Quantcast
Your Parenting Info Sign Up

Fathers are Marked by Character

by Joe Lawrence | January 28th, 2011 | Helpful Hints, Pregnancy
FacebookTwitterPinterestLinkedIn
When my daughter is an adult, I’d love for her to look back onto our time together and say two things: one, she felt my love in her heart everyday of her life. And, two, I was a man of integrity.
Integrity is something much easier to talk about than to live out. We all know those people whom talk big about how we should live but walk a different way. In fact, I’m often the hypocrite who talks or writes about something and then abandons ideals. As a self-improvement enthusiast, it is easy to talk a big game.
I desperately want to avoid the big-game-talker-syndrome. Therefore, I have taken a few steps to achieve my goal for my family.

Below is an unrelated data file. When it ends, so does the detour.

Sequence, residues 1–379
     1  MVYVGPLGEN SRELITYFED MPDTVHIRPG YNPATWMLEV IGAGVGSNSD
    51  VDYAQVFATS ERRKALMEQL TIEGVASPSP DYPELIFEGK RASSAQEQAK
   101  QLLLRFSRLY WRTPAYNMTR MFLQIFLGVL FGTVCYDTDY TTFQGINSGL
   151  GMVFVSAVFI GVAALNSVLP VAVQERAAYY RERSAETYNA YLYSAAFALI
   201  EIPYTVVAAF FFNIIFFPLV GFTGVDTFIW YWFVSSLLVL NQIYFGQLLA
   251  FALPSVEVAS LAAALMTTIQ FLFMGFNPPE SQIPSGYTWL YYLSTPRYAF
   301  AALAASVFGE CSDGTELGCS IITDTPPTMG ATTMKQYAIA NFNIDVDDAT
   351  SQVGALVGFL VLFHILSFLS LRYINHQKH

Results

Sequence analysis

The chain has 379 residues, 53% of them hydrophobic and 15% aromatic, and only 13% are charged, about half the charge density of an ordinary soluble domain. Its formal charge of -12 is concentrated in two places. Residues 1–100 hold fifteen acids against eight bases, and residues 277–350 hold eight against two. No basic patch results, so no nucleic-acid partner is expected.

My first step is to gain wisdom from my faith. I try to read a chapter out of the book of Proverbs every day. There are loads of wisdom-nuggets even for non-believers. It was a great place to learn when this book was written thousands of years ago, but the lessons are still relevant. We learn from history, and what better place to start the day?
Next, I have read biographies about people I respect like Daniel, presidents or military leaders. It is great to read how real people faced some tough issues in their lives and then overcame them. I even like when I read about how they have made wrong decisions and the lessons learned from the repercussions.
Another thing I like to do to continue the flood of character building blocks to my mind is read books about self improvement. Currently, I am reading a man of integrity devotional book.
The last step is to be held accountable. I am blessed with people in my life who do not lack the gift of candor. My military leadership will let me know exactly what they think about my decisions. My wife will also share exactly what is on her mind. These great folks will let me know when I do good or bad.
If I’m willing to learn, I’ve great tools to forge my character. Do you?
FacebookTwitterPinterestLinkedIn
Comments on Fathers are Marked by Character

YourParentingInfo.com

PeKuPublications.com